Presentation on theme: "To what extent did the Peace Corps create a new image of Africa in America?"— Presentation transcript:
To what extent did the Peace Corps create a new image of Africa in America?
The Peace Corps and African Americans Set up in 1961 Three goals: 1. providing technical assistance 2. helping other countries to understand American culture 3. educating Americans about the cultures of other countries Context of Cold War: America trying to improve its image and widen its sphere of influence. Peace Corps anti-racist ideology – e.g University of Texas training contact revoked because of segregated dorms. Attempts to recruit African Americans to the Peace Corps - largely unsuccessful – first 120 volunteers in Africa included only two black Americans. Number never rose above 4 percent of the total volunteers. Very embarrassing for Peace Corps.
Images of Africa Little variations Romanticised – images of motherland Vanguard of worldwide black revolution Would find ‘ancestral roots’ and automatically associate with Africans Was this image undermined or reinforced by experiences of Black Americans in the Peace Corps?
African American experiences in the Peace Corps 1.Images of Africa as a place of homecoming and shared humanity reinforced by experiences of black volunteers. Experiences of black Americans in Africa fed into civil rights struggle in America. 2.Disillusionment – romanticised images of Africa shattered by experiences of volunteers. Did little to influence civil rights movement.
Africa as a place of homecoming and shared humanity LACK OF PREJUDICE: first time they felt respected as a human being CRITICAL OF U.S.: ‘The Peace Corps experience in Ghana was one of the high points of my life. I believe it radicalized me and many other PCVs because we were in a country critical of the U.S. in the early 60s before the U.S protest movements became important.’ CULTURAL SIMILARITIES: music, church services, sports, food etc. SHARED HUMANITY: ‘I got an appreciation of where I came from, and of the beauty of that. Basically we’re all the same.’ ‘What the African experience did for us was to show us that people are people – no matter where they are, no matter what their tribe, no matter what their country, no matter what their beliefs; that there are some values that we all have, intrinsic to the human race. ‘Irrevocable bond between peoples of colour’
Scholar’s views: Julius Amin Peace Corps experiences and civil rights movement linked: 1.‘Peace Corps service taught them humility and the richness of African culture... By using what they had learned in Africa to address the racial problems in America, the volunteers made a difference.... Peace Corps experience contributed immensely to the struggle for black equality.’ 2.Became more critical of U.S.: ‘They realised that the civil rights movement was justified... They returned home more determined to assist the course of freedom in their country.’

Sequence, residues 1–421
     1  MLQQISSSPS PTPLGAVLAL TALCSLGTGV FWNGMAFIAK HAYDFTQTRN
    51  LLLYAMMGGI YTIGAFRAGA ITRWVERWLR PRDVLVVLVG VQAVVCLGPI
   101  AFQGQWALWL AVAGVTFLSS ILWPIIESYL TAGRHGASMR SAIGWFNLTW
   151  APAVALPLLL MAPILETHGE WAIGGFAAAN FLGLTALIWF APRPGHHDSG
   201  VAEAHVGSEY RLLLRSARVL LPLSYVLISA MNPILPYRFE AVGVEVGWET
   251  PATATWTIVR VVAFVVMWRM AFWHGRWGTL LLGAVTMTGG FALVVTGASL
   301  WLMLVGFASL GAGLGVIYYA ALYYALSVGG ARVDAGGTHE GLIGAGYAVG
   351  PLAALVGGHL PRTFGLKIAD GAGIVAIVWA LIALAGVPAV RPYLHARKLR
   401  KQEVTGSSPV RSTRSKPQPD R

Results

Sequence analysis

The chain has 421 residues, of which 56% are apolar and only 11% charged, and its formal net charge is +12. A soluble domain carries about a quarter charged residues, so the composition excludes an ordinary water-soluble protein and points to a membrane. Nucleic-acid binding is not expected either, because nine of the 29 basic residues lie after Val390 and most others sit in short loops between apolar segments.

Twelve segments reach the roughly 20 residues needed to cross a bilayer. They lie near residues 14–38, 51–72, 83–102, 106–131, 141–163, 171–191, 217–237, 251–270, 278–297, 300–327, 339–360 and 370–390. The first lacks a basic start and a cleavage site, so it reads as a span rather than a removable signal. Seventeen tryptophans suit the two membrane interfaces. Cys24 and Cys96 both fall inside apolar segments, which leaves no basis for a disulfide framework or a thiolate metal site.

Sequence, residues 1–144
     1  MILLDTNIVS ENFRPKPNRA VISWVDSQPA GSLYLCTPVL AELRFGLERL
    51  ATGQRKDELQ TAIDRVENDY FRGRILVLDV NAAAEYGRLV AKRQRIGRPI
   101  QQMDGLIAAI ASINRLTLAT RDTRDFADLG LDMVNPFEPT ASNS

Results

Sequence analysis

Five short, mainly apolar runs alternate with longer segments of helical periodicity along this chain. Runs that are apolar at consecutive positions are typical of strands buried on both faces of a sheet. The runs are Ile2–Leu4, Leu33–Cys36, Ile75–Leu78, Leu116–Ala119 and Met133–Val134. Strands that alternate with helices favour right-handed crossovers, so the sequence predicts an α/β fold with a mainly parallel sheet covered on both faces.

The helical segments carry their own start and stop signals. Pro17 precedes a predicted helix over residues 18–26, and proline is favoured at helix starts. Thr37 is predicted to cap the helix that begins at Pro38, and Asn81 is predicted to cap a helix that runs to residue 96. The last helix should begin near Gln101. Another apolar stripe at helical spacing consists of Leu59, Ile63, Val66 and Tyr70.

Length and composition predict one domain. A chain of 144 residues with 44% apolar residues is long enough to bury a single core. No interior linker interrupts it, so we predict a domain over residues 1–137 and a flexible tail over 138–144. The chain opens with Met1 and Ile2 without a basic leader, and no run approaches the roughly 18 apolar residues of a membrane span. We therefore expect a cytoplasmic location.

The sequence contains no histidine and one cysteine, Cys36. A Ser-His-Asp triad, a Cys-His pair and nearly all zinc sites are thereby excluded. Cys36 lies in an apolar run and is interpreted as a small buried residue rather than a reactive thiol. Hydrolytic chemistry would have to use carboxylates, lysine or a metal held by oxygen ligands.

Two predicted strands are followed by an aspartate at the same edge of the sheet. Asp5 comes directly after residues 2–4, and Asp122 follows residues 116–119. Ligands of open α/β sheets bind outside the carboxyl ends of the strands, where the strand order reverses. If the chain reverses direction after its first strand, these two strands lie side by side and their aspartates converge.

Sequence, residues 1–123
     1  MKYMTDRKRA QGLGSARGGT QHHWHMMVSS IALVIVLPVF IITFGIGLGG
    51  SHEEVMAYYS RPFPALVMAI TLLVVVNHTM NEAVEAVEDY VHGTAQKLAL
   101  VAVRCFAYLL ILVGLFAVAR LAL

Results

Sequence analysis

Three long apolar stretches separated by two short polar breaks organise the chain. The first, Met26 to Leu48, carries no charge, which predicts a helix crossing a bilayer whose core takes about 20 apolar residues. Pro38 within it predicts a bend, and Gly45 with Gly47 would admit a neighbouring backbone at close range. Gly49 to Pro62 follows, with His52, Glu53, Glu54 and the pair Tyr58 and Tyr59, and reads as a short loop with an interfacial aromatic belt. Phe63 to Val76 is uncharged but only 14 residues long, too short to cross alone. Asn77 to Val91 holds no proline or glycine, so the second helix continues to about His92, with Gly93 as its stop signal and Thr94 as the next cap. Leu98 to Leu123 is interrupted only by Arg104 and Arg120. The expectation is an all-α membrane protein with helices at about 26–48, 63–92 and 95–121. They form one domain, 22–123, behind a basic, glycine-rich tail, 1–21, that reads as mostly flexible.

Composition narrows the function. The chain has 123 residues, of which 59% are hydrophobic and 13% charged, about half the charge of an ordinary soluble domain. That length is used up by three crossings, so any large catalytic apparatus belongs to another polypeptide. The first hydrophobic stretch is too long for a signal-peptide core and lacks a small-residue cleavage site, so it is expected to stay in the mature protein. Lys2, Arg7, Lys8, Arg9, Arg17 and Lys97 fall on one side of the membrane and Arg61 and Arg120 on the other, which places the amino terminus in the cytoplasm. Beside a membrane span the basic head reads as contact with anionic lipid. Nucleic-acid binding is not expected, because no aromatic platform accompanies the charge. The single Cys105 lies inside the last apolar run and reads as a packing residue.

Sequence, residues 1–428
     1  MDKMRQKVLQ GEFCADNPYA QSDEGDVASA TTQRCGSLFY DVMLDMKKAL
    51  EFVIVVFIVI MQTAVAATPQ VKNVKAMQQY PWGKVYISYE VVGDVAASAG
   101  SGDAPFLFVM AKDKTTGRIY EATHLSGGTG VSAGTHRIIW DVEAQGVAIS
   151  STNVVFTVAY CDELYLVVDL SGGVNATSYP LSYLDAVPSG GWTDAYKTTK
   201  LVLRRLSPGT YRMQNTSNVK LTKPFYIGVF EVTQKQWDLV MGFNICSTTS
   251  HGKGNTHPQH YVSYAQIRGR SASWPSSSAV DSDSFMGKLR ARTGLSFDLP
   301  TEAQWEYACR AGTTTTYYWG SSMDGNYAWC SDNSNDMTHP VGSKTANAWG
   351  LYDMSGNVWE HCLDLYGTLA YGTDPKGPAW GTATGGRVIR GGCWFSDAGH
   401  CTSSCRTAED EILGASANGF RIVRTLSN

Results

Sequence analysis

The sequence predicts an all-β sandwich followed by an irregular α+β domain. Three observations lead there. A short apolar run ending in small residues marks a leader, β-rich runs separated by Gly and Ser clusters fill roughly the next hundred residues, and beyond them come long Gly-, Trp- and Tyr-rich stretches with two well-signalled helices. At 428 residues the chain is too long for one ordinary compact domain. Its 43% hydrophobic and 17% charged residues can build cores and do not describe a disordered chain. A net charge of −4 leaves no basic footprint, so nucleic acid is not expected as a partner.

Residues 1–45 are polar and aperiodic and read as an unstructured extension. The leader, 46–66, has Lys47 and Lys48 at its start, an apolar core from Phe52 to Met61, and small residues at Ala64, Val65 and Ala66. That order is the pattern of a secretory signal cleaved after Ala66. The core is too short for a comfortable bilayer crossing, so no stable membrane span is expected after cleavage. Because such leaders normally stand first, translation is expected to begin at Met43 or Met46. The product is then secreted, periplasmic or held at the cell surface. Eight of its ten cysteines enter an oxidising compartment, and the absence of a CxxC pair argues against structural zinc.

The Minority Peace Corps Association Accounts from 1980s and 1990s: Katrina Mathis, Guinea : ‘Just like all Peace Corps volunteers, I was warmly welcomed by my community from the minute I arrived at the site... Various members of my community sought me out just to discuss our common ancestry...’ Harris Bostic, Guinea, : ‘the moment I stepped onto the shore I heard three simple words: ‘Welcome home, brother’... This was my home, my people, my land, my culture... I had been accepted into these villagers’ everyday lives as one of them. It was unceremonious and unconditionally welcoming.’
Minority Peace Corps Association aims: ‘raising awareness in minority communities about Peace Corps and its many programs’ ‘providing support and assistance to returned and serving Peace Corps volunteers and applicants of color’ ‘enhancing the participation of Americans of color in international experience’ Likely to present Peace Corps experience positively.
Different images of Africa Prejudice between ethnicities. Carl Meacham in Liberia (1965) found some Liberians ‘were as ‘racist’ as many whites I had encountered’ and ‘discriminatory system in Liberia reminded me of racism and segregation in Alabama’. Given nicknames that undermined sense of unity: ‘white black man’, ‘suntanned white woman’, ‘black European’, and ‘native foreigner’.
Not interested in civil rights movement. Newspaper in Lesotho: ‘How and why has this Negro come to help us, when his own people are being killed?’ Did not see it as their cause. Ed Smith: image of ‘black world rising’ shattered – ‘I am not one of them, and never can be’, ‘the real struggle is elsewhere, closer to home’. Afro haircut: ‘there was nothing particularly African about the Afro.’
Civil rights movement and the Peace Corps Peace Corps service seen as a diversion from rather than an expression of civil rights activism. ‘In 1964, the action was here, but I, like many of my peers, ran away from it.’ Civil rights movement in America not associated with Peace Corps efforts in Africa. Malcolm X very critical of Peace Corps, volunteers seen as traitors to the cause.
Conclusion Did new images of Africa formed by Peace Corps experiences affect the way Africa was seen in America as a whole? Numbers of African American volunteers very low. New descriptions of Africa by returned volunteers not believed in America.